By Noah Barkin and Alastair Macdonald
BRUSSELS (Reuters) – European Union member states agreed at a summit in Brussels to take further punitive steps against Russia in the coming days for the nerve agent attack in Salisbury, as Moscow accused the bloc of joining a London-driven hate campaign against it.
Late on Thursday, in a boost for British Prime Minister Theresa May, the 28-member EU collectively condemned the attack on a former Russian spy and said it was “highly likely” Moscow was responsible. They also recalled the EU ambassador to Russia.
“Additional steps are expected as early as Monday at the national level,” summit chair Donald Tusk told reporters.
French President Emmanuel Macron said Paris and Berlin would be among countries taking further rapid and coordinated measures which other leaders said would include the expulsion of Russian officials and possible other retaliatory actions.
“We consider this attack a serious challenge to our security and European sovereignty so it calls for a coordinated and determined response from the European Union and its member states,” Macron told a news conference.
Standing beside him, German Chancellor Angela Merkel said EU countries would debate what measures to take “and then act”.
One senior official familiar with discussions said the extent of measures in the coming weeks could be “surprising” and not confined to expulsions. There is no talk of more economic sanctions, whose enforcement has divided the EU in the past.
Czech Prime Minister Andrej Babis said he was likely to announce the expulsion of several people on Monday, after returning to Prague and consulting with his foreign minister.
Lithuanian President Dalia Grybauskaite said she was ready to expel Russian spies, whose activities she said were deeply harmful: “It is certain that a coordinated action will be taken next week, maybe at the start of it,” she said. “It’s absolutely obvious that the network exists and that it acts aggressively.”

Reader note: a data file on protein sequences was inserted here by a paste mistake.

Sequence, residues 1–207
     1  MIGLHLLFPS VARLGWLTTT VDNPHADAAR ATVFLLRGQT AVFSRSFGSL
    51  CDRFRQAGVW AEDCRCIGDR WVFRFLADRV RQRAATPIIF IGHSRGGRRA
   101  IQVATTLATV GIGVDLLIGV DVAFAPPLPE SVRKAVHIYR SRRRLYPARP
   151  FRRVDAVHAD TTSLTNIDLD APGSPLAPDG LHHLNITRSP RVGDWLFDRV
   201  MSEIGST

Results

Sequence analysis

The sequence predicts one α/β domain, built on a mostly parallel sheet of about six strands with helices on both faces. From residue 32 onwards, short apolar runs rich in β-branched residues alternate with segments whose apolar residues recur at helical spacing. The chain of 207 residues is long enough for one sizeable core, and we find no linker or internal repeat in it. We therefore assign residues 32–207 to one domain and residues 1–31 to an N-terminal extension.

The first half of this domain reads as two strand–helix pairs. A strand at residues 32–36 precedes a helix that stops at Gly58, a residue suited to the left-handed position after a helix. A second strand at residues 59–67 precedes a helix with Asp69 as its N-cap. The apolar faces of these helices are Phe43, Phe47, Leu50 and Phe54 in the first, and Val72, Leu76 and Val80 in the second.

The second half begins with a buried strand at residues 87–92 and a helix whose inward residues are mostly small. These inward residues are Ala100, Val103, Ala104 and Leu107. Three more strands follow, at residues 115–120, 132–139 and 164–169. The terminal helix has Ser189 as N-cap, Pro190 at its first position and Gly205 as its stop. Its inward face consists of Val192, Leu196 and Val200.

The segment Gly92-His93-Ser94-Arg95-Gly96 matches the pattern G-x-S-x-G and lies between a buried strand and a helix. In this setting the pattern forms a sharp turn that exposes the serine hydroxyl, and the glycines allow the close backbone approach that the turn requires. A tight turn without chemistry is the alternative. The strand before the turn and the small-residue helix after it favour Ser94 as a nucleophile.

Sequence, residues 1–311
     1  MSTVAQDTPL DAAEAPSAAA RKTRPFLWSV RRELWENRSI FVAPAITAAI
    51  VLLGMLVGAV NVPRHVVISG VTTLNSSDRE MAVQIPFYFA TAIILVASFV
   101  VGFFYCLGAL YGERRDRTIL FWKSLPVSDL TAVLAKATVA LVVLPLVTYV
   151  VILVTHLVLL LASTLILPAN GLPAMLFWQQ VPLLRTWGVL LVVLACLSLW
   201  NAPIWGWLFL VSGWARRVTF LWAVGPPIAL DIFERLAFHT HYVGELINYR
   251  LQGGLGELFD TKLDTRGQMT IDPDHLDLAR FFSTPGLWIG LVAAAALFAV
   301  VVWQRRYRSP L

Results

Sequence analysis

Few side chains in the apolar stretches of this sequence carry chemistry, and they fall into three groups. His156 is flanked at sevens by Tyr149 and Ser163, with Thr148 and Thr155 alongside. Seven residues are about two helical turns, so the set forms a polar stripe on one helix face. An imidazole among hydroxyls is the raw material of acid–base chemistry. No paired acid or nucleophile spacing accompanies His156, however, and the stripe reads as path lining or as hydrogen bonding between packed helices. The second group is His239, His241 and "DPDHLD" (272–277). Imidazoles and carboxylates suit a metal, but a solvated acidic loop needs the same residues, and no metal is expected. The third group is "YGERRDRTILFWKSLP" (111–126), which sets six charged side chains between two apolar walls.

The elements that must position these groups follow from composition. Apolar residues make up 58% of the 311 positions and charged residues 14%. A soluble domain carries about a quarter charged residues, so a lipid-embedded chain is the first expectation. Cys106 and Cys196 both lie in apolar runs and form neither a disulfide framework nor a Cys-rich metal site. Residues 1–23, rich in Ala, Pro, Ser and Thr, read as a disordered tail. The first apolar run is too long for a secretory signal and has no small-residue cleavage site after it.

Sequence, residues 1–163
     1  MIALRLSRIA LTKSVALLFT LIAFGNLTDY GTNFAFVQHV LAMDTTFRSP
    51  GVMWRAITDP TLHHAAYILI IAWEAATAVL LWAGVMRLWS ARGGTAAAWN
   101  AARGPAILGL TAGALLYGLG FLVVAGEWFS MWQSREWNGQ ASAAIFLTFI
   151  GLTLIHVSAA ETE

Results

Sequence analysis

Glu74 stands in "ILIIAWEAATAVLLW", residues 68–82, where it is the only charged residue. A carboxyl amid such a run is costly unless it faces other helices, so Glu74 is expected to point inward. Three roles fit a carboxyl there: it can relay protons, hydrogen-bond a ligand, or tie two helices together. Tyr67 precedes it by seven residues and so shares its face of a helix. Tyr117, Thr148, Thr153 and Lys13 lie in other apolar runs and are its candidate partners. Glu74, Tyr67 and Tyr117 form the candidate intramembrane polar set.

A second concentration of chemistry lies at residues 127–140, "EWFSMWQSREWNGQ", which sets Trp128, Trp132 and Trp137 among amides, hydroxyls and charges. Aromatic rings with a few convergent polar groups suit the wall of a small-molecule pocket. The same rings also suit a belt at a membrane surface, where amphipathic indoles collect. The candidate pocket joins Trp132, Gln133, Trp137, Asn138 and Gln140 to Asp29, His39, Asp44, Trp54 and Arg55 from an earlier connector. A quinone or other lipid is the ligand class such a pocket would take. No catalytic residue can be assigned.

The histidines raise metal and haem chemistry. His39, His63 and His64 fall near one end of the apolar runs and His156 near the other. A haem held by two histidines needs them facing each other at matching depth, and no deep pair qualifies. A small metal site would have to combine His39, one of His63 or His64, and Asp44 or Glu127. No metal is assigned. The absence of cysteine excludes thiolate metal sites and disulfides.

Romanian President Klaus Iohannis stressed that national governments wanted to retain control of the details in an area where they guard their sovereignty from Brussels. But most of those present would go home and prepare suitable steps.
Russia has denied responsibility for the March 4 attack on former Russian spy Sergei Skripal and his daughter, the first known offensive use of a nerve toxin in Europe since World War Two. A British judge said on Thursday that both victims may have suffered brain damage from the attack.
Moscow retaliated against May’s move to expel 23 Russians by announcing the expulsion of the same number of Britons.
On Friday, the Russian foreign ministry described the EU accusation as “baseless” and accused the bloc of spurning cooperation with Moscow and joining “another anti-Russian campaign deployed by London and its allies overseas with an obvious goal: to put another obstacle on the path to the normalization of the situation on the European continent”.
In Moscow, the expulsion of British diplomats went ahead, a convoy of minibuses speeding out of the embassy compound to applause after British embassy staff said their goodbyes in the courtyard under a light snowfall.
A special charter flight is expected to fly the diplomats back to Britain later on Friday.
France’s Foreign Minister Jean-Yves Le Drian, on a visit to Kiev, signaled that Paris was considering expelling Russian diplomats in solidarity with Britain. “You will see,” he said.
The summit statement hardened previous EU language on Russia’s alleged role as French President Emmanuel Macron and others helped May overcome hesitation on the part of some of Moscow’s friendlier states, some of whom questioned how definitive Britain’s evidence is.
“What we will now consider in the coming days is whether we want to take individual action relating to Russian diplomats in Ireland,” Irish Prime Minister Leo Varadkar told reporters.
“We’re not going to expel people randomly.”
Welcoming the solidarity she secured from the summit, May told reporters on leaving: “The threat from Russia is one that respects no borders and I think it is clear that Russia is challenging the values we share as Europeans and it is right that we stand together in defense of those values.”
Still, some said they could ill afford Russian retaliation against their own Moscow embassies, some of which employ barely a handful of accredited diplomats.
Austria said it did not plan to expel Russians.
(Additional reporting by Gabrielle Tetrault-Farber and Dmitry Madorsky in Moscow and Richard Lough, Gabriela Baczynska, Robin Emmott and Elizabeth Piper in Brussels; Editing by Richard Balmforth and Alastair Macdonald)